S. Korea fertility rate drops for 4th consecutive year, beats own record for world’s lowest

S. Korea fertility rate drops for 4th consecutive year, beats own record for world’s lowest
via Jérémy Stenuit on Unsplash
Michelle De Pacina
February 29, 2024
South Korea’s fertility rate beat its own record for the world’s lowest fertility rate after dropping for the fourth consecutive year.
Population drop: On Wednesday, Statistics Korea reported an 8% decrease in the nation’s fertility rate in 2023 compared to the previous year. Experts warn that the current trend could lead to a significant decline in the country’s population, which stands at 51 million, potentially halving by the year 2100.
The average number of expected babies per South Korean woman’s lifetime dropped from 0.78 to 0.72 in 2022. Projections indicate a further decline to 0.68 in 2024. These figures are reportedly significantly below the 2.1 threshold needed to sustain a country’s population. The fertility decline is notably pronounced in Seoul, with the capital recording the lowest rate at 0.55.
Factors of the decline: According to experts, the low fertility rates are due to the country’s demanding work cultures, rising costs of living, changing attitudes toward marriage and gender equality and rising disillusionment among younger generations.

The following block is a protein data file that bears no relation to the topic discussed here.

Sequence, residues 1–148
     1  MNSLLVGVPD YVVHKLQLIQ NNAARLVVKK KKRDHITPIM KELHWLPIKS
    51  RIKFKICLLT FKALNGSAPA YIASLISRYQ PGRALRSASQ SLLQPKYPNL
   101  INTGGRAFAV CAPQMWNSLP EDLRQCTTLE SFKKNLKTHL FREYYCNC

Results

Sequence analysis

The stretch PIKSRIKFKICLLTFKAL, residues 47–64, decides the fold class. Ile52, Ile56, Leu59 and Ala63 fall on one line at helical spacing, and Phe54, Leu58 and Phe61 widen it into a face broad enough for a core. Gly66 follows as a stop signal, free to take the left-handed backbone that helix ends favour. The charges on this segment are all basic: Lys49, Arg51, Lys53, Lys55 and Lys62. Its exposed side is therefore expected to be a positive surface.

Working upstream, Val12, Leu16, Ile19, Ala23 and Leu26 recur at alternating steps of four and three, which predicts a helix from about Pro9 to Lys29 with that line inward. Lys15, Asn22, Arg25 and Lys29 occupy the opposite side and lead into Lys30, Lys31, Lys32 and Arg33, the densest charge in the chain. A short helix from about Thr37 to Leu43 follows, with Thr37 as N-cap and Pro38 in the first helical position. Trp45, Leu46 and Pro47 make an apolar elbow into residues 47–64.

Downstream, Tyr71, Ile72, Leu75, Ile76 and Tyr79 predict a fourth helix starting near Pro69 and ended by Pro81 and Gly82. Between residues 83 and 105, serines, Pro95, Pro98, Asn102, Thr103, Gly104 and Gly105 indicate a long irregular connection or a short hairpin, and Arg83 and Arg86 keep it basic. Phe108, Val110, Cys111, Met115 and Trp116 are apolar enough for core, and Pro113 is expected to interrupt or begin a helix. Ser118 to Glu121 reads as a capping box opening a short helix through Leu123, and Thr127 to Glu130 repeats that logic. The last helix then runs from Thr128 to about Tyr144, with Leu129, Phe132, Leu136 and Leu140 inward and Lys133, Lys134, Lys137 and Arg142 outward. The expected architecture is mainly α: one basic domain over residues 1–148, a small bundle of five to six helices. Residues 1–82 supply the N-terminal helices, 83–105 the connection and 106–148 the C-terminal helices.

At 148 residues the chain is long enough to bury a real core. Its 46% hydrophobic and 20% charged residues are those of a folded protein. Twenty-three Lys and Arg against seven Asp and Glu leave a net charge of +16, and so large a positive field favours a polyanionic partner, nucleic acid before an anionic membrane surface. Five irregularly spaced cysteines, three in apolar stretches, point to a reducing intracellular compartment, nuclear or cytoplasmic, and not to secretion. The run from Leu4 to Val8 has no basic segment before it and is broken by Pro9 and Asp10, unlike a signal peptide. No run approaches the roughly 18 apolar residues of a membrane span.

Women, concerned about career advancement and the financial burden of raising children, are choosing to delay childbirth or forgo it altogether. Many do not feel obligated to raise a child, citing the costly expenses amid the uncertainty of a bleak job market, expensive housing and gender and social inequality. Women have also cited the patriarchal culture of childcare and discrimination at work. 
Addressing the decline: As South Korea approaches April elections, political parties are addressing the critical issue of population decline. The government has pledged “extraordinary measures” to tackle the situation. Since the decline started, the government has introduced multiple initiatives, such as offering monetary baby allowances of 1 million won ($767) as an incentive for more births, foreign and low-cost nannies and extended paid paternity leaves. Social campaigns have also encouraged men to help in childcare and housework.
Recently, a construction firm in South Korea also offered 100 million won ($75,000) for every child born to its employees in a bid to address the nation’s declining birth rates.
How it’s going: Despite spending over $270 billion in initiatives since 2006, the root causes persist. The workaholic culture and fierce workplace competition deter many women from having children, exacerbating the gender pay gap issue, which is the worst in the OECD. Financial concerns also hinder marriage, seen as a prerequisite for parenthood. 
Neighboring countries’ similar struggles: Similar concerns also affect neighboring countries like China and Japan, both experiencing record-low fertility rates and a demographic crisis with more deaths than births, leading to growing labor shortages. China, which currently holds the world’s second-largest population with over 1.4 billion people, may see that number shrink to 525 million by 2100
Japan recorded a fresh record low in the number of births for the eighth consecutive year in 2023, with a 5.1% decrease in births from the previous year, totaling 758,631. Additionally, marriages declined by 5.9% to 489,281, marking the first time in 90 years that the number fell below 500,000. 
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